Historic drama on display

Historic drama, spiritual tunes and “edu-tainment” were the fare Thursday evening during a performance of the play “A New Home for Liberty” at the Randolph County Courthouse Courtroom.

Tom Rodd, organizer of the event, said the purpose was to combine West Virginia history education with entertainment.

“What you are going to hear about tonight is based upon historical fact, but we had to use our imaginations to make it and tell some tales about the creation of West Virginia,” Rodd said.

This is part of the 150th year celebration of West Virginia.”

Melvin Marks and Michael Kline began the evening by singing, “Oh Freedom,” a well-known spiritual.

Elkins resident and historian Hunter Lesser favored the audience with a talk about the Civil War era in West Virginia.

“It is important to remember that the issues of slavery and West Virginia statehood are intertwined,” Lesser said. “When the Civil War broke out in 1861, most Americans considered slavery to be an economic issue. Seventy percent of America’s gross product in 1860 was tied up in slavery.

“Slavery was also a moral issue, and nothing drove that home than the fugitive slave law that required citizens to assist in the capture of runaway slaves.”

Lesser said slavery was the backdrop as the West Virginia statehood proposal moved to the U.S. Congress in 1862.

In the historical drama “A New Home for Liberty”, the Honorable Granville Hall, West Virginia’s second secretary of state, and J.R. Clifford, West Virginia’s first African American attorney, reminisce over the 50 years following the statehood of West Virginia. The two look back at their lives, their childhoods and their careers as they meet in a Parkersburg railroad station.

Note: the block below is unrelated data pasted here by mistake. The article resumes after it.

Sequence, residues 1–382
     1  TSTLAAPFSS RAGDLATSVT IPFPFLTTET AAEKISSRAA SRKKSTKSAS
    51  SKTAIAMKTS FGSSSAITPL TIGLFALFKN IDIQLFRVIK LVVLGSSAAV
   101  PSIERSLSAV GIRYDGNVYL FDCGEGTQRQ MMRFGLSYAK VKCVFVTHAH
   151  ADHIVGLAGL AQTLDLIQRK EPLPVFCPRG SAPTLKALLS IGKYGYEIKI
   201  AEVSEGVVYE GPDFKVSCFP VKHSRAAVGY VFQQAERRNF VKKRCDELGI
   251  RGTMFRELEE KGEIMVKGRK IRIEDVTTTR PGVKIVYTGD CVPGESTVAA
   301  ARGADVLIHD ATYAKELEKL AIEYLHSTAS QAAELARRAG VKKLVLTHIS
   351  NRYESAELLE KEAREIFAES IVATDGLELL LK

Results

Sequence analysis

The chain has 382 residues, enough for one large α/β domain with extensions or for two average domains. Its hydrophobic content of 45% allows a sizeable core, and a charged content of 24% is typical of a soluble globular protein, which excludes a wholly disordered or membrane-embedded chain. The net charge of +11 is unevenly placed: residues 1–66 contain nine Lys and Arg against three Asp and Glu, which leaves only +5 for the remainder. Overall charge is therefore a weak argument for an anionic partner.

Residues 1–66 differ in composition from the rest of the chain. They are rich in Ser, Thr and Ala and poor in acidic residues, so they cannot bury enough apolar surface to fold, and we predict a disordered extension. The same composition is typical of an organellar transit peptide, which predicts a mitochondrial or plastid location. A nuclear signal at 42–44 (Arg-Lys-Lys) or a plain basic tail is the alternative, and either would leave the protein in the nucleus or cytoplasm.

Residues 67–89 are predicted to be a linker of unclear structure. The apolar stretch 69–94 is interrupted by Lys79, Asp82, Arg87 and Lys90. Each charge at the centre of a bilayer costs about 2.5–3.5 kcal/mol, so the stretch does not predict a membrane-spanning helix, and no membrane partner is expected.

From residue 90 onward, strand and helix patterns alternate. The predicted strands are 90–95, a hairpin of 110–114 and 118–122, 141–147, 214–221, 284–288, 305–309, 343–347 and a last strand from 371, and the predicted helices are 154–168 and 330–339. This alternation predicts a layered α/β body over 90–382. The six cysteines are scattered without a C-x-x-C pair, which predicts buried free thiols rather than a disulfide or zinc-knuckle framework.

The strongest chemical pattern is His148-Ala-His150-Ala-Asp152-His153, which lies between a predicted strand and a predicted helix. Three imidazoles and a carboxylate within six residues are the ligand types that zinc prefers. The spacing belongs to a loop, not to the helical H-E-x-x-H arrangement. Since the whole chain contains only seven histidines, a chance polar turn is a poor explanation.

Hall was portrayed Thursday by Larry Starcher, a justice on the Supreme Court of Appeals of West Virginia, and Clifford was portrayed by Greg Hinton.

In the play, Hall said his parents hated to live in a land where thousands of slaves were bought and sold like animals.

“It was a crime in Virginia to even have abolitionist books in your home,” Hall said. “You could be fined if you taught a slave to read.”

Clifford said he remembered in 1861 when he and his cousin had just came in from working in the cornfield.

“My family knew all of the tricks for helping slaves to freedom,” Clifford said. “We taught the song ‘Wait in the Water’ to help escaped slaves make it to freedom by staying in the streams so dogs would not be able to follow their scent.”

The discussion depicts how 150 years ago, thousands of men and women, black and white, slaves and free, risked their lives and fortunes for the cause of freedom in the new state of West Virginia.

Thursday’s program was sponsored by the J.R. Clifford Project of Friends of Blackwater, the Riverside School Association and the West Virginia Humanities Council.

Clifford is best known in this area for his landmark civil rights victory in 1898, when he defended the judgment of a Tucker County jury who ruled in favor of an African American school teacher, Carrie Williams.

Additional information about the J.R. Clifford Project is available on-line at, or by calling 304-345-7663.

Contact Beth Christian Broschart by e-mail at Follow her on Twitter @ITM-Broschart.